Tagged: Internal Revenue Code

IRS Provides Important Guidance for Employer Leave Programs for Donations to Aid Ukraine

Since the Russian Federation invasion of Ukraine on February 24, 2022, many employers have adopted or are considering adopting employer leave-based donation programs to aid citizens and residents of Ukraine, persons working, traveling, or currently present in Ukraine, or refugees from Ukraine. On May 19, 2022, the IRS issued Notice 2022-28, which provides important guidance on the federal income and employment tax treatment of cash payments made by employers to charitable organizations under these programs. The guidance is similar to the guidance in Notice 2001-69, as modified and superseded by Notice 2003-2, on charitable donations made after the September 11, 2001 terrorist attacks. Under employer leave-based donation programs, employees can elect to forgo vacation, sick, or personal leave in exchange for their employers making cash payments to charitable organizations to aid the victims of the invasion. The organizations must qualify as charitable organizations under Section 170(c) of the Internal Revenue Code. Payments made before January 1, 2023 will not be treated as gross income, wages, or other compensation to the employees. Similarly, employees electing or who have the opportunity to elect to forgo the leave that funds the payments will not be treated as in constructive receipt of taxable income. Employers should not include the payments in Boxes 1, 3, or 5 of the electing...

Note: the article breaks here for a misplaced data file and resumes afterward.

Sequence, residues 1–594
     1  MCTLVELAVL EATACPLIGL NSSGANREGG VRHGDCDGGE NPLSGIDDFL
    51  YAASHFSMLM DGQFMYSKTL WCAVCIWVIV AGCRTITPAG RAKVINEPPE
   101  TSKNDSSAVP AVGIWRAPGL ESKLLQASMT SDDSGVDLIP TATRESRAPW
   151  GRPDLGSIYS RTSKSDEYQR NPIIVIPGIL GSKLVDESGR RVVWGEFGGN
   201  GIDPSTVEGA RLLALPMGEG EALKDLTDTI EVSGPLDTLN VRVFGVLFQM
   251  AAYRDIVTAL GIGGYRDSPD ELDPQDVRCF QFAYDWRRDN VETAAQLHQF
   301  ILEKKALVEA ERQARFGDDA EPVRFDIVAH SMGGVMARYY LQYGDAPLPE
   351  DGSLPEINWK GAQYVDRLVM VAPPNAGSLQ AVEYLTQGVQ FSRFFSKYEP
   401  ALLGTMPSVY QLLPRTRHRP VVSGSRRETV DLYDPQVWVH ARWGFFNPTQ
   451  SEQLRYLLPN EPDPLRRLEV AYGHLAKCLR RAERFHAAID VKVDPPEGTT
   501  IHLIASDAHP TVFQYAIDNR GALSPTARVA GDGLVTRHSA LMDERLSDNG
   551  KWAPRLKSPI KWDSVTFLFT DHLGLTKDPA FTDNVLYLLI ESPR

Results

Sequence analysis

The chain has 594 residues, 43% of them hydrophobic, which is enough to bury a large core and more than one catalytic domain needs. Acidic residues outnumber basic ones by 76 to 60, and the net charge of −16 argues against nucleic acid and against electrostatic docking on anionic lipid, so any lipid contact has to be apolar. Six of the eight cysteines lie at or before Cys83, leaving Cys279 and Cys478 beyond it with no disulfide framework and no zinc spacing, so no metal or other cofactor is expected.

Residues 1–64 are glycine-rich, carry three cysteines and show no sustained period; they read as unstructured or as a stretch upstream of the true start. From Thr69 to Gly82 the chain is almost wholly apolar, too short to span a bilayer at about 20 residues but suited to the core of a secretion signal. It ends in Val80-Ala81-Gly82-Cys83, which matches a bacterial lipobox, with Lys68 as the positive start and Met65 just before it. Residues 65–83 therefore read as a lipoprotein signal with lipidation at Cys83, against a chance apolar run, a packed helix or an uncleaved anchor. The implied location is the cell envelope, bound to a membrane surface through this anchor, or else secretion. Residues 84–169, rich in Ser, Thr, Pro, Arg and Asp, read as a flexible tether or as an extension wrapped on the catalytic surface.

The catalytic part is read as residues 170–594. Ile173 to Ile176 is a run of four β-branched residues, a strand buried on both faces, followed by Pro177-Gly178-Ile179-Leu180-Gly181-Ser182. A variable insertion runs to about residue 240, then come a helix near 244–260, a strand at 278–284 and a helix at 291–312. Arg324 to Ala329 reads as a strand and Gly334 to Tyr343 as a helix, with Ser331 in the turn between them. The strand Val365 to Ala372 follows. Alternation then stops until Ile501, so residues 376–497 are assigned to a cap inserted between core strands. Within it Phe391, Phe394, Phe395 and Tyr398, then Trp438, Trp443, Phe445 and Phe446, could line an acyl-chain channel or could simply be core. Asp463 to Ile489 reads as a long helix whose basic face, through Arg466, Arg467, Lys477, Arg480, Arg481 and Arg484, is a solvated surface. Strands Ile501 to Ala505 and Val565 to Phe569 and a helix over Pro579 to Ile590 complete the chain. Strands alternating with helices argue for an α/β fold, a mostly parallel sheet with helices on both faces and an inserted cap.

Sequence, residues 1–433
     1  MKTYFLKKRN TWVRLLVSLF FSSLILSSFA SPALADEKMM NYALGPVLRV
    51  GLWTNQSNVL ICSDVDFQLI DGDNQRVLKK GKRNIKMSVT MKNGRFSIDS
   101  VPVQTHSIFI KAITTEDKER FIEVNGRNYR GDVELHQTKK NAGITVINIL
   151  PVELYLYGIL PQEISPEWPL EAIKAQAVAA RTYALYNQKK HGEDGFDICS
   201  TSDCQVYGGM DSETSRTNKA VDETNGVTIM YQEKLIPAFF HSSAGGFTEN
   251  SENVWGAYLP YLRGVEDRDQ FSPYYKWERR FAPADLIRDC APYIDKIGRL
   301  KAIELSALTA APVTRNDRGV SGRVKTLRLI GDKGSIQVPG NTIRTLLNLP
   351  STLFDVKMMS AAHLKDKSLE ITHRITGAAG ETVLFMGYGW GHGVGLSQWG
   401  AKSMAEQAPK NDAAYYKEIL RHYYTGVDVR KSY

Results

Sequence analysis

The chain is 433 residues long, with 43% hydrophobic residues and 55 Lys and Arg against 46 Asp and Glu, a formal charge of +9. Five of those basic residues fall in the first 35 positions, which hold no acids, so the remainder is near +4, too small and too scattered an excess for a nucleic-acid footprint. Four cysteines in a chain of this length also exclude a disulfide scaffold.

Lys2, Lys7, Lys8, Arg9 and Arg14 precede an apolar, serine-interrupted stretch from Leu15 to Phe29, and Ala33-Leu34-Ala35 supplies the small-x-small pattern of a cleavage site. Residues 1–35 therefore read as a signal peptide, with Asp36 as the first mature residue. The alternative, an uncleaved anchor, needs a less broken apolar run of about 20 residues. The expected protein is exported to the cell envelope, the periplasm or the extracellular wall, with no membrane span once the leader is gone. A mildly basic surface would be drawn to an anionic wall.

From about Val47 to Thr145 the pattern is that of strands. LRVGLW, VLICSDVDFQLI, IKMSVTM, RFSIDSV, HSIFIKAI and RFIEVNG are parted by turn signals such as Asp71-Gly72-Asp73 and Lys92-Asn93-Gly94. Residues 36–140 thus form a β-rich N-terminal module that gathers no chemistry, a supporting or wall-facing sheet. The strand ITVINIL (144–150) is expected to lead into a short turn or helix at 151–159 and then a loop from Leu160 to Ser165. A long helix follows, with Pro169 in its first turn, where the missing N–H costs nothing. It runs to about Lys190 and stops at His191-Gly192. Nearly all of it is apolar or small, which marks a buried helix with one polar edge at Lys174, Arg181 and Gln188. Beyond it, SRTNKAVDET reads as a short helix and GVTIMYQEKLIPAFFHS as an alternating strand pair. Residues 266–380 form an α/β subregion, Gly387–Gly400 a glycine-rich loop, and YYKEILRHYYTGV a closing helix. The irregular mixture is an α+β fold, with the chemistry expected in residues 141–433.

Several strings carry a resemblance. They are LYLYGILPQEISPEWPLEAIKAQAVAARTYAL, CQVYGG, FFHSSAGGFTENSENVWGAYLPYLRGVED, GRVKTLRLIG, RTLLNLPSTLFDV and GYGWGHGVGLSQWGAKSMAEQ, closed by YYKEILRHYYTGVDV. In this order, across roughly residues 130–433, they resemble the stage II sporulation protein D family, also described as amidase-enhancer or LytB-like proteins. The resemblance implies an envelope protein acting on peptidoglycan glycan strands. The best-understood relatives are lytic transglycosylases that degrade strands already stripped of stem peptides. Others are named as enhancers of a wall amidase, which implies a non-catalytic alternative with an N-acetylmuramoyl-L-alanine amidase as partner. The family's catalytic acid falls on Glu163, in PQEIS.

Supreme Court Holds that Severance Payments to Employees Terminated Involuntarily are Taxable Wage for FICA Purposes

On March 25, 2014, the Supreme Court of the United States unanimously ruled that severance payments ─ that are not linked to the receipt of state unemployment benefits ─ are taxable wages subject to the Federal Insurance Contributions Act (“FICA”). United States v. Quality Stores, Inc., 572 U.S. ___ (2014). Specifically, the Supreme Court ruled that the severance payments made to employees who were terminated involuntarily fit within the broad definition of “wages” under both FICA § 3121(a) and Internal Revenue Code § 3401(a).